How one state is developing its own micro-credentials for teachers
The flexibility of micro-credentials for teacher PD has inspired Delaware Department of Education officials to begin developing their own professional development badges.
The state has also been updating its regulations so teachers can apply micro-credential PD badges they’ve earned to re-licensure hours, says Alyssa Moore, a department education associate for digital learning.
Along with using Digital Promise’s platform, Delaware has just launched a pilot with 17 micro-credentials in literacy as part of a statewide early learning initiative. Another 12 micro-credentials are being developed.
The state is also now training assessors to evaluate teachers who are seeking micro-credentials in mastery of growing early readers.
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“We’re going down this road because of the just-in-time aspect,” Moore says. “Teachers can work on micro-credentials whenever they want—they have a lot of flexibility, rather than signing up for a workshop that runs during particular hours.”
Delaware is tailoring its micro-credentials based on teachers’ existing skills. Teachers with more experience in early literacy will likely spend less time to earn a micro-credential.
“That flexibility where everyone isn’t staring at the same place and doesn’t have to finish at the same time is a big reason we are putting this micro-credential path into place.”
The micro-credential pilot has proved popular. Once it was announced, teachers filled all the slots in just two days and there is now a waiting list, Moore says.
Teachers have been captivated by the ability to design their own learning to meet their own needs, and set their own schedules, Moore says.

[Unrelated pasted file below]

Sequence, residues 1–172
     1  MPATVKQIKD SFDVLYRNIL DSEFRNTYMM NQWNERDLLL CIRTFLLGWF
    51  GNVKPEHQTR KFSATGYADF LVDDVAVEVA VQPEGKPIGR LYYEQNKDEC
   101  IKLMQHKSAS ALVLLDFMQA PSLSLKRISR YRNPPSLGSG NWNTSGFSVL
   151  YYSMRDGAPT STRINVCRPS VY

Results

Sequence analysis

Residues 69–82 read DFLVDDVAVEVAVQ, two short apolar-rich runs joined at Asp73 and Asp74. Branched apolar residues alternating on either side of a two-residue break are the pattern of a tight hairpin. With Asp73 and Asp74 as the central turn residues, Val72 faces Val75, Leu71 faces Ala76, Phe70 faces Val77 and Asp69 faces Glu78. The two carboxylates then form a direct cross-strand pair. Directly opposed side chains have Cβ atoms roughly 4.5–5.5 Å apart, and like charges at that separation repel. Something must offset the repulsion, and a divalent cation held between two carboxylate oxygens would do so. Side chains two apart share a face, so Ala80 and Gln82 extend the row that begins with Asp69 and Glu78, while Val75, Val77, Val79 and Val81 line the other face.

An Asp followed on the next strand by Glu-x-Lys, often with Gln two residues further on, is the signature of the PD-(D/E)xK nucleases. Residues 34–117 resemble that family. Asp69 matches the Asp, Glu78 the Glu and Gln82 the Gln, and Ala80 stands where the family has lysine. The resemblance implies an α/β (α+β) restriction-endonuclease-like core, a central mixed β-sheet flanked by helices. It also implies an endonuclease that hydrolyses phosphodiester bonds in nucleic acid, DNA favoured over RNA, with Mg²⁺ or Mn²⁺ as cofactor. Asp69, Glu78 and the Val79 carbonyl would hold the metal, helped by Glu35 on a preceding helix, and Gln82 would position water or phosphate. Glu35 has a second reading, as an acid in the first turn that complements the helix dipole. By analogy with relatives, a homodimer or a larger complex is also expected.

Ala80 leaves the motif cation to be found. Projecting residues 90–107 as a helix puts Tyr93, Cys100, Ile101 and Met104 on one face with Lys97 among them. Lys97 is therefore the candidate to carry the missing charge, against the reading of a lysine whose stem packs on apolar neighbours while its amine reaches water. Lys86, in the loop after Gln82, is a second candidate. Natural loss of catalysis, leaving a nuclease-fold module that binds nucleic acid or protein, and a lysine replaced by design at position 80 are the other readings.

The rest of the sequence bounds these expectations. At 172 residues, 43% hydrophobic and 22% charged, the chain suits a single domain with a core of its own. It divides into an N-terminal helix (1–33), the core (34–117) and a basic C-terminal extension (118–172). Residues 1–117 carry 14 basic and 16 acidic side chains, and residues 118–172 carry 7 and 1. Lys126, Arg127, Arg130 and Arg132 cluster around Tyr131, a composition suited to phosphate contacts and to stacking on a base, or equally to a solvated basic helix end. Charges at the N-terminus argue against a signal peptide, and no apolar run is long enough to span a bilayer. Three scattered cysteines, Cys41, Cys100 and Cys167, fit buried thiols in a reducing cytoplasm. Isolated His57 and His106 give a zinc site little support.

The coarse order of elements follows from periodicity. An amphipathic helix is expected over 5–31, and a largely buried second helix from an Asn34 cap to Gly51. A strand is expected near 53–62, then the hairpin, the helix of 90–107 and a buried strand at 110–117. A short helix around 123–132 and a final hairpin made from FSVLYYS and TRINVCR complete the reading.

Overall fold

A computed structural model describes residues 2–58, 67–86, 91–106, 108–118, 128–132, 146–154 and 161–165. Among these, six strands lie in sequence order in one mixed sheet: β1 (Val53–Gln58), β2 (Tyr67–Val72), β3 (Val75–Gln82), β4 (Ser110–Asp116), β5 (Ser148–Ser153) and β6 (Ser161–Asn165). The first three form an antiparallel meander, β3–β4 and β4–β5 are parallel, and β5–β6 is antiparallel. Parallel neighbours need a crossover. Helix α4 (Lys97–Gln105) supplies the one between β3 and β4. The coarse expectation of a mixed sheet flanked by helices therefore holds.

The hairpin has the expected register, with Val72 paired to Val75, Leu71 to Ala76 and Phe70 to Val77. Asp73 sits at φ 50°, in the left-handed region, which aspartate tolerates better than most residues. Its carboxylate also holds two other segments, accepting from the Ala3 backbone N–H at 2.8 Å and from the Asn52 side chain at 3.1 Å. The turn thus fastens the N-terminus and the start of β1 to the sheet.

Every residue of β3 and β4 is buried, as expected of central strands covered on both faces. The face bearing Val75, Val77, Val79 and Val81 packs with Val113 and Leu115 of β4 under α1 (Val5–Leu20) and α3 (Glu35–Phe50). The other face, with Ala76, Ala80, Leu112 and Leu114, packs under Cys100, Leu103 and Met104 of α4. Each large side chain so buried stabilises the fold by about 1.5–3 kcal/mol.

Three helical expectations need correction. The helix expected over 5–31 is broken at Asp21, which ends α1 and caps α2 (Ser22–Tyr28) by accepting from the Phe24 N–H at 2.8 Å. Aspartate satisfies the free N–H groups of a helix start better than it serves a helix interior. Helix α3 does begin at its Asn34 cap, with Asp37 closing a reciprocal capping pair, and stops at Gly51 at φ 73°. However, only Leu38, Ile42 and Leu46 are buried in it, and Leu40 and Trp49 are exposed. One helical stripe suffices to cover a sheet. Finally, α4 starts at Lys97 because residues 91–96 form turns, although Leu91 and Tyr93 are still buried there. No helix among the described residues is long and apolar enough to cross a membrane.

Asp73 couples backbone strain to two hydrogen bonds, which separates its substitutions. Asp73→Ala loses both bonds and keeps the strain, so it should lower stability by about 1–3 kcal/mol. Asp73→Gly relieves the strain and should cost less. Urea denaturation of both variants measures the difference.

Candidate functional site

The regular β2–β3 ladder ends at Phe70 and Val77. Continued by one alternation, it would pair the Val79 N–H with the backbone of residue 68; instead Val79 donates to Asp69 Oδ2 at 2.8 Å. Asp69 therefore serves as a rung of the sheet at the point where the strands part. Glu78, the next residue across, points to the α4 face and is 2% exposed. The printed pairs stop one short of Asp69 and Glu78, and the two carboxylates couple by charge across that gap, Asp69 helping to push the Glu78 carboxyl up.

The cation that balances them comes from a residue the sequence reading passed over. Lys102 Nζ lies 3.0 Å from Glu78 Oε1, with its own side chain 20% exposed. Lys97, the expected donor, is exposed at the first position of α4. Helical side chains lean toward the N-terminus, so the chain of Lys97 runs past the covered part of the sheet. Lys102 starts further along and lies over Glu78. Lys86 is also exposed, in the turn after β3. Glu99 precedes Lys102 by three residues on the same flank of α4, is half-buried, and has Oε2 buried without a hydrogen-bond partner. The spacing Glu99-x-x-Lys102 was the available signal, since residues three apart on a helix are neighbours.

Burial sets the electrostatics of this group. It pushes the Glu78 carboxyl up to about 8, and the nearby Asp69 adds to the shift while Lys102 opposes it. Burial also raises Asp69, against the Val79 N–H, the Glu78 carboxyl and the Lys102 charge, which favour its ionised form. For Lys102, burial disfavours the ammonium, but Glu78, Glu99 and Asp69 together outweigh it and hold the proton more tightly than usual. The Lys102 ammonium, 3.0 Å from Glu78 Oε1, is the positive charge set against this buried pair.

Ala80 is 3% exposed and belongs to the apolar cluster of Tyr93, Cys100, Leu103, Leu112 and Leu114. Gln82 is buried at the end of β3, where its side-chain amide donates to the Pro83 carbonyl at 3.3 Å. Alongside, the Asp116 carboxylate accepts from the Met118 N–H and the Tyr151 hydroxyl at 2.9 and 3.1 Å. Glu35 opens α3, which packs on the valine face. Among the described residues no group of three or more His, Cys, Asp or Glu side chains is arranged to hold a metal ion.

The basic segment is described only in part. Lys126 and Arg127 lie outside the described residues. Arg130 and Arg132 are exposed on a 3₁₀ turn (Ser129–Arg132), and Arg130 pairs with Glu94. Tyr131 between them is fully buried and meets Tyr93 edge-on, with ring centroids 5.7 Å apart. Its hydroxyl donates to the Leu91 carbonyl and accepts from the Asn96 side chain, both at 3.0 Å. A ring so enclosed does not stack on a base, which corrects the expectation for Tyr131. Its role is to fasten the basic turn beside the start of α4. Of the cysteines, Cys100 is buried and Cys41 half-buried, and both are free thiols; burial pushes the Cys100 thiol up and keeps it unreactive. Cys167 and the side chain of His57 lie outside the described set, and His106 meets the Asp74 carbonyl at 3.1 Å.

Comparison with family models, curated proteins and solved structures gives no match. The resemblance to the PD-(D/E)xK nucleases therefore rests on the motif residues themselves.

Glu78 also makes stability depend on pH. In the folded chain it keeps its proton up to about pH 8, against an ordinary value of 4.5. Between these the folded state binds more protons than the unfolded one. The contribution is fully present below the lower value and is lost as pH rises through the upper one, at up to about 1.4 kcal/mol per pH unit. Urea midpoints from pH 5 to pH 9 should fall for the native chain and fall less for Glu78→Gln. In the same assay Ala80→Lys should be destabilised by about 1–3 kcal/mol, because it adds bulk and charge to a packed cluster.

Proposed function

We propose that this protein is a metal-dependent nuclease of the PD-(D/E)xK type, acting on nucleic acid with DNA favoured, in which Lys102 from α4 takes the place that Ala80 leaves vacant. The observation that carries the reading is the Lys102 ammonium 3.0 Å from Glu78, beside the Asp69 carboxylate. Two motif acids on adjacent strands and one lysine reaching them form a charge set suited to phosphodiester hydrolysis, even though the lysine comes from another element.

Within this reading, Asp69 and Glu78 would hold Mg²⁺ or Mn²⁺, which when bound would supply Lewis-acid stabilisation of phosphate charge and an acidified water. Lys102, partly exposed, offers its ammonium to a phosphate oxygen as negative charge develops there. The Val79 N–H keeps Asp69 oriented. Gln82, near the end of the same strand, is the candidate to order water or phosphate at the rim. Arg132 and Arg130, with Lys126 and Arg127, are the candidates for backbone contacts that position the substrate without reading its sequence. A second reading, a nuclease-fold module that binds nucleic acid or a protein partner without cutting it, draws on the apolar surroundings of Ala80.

“Teachers have been saying they want more personalized opportunities and more choice and ownership over their learning,” Moore says. “The enthusiasm we’ve seen shows teachers are really looking for choices in the things they do to demonstrate learning.”
Micro-credentials add to equity
Micro-credentials increase equity in the classroom because they allow teachers to focus on students’ assets, says Odelia Younge, Digital Promise’s director of micro-credentials.
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Micro-credentials also give administrators greater flexibility to tailor professional development to data-based decisions about what individual students need most and how learners are best engaged, she says.
While micro-credentials may not make larger workshops obsolete, they are becoming established as a complement to traditional approaches.
“When people figure out innovative ways to do things, we don’t always get the word out as fast as we want,” Younge says. “Micro-credentials can help us see that teachers in a certain region are using certain resources or leaning on a certain framework to be successful.”
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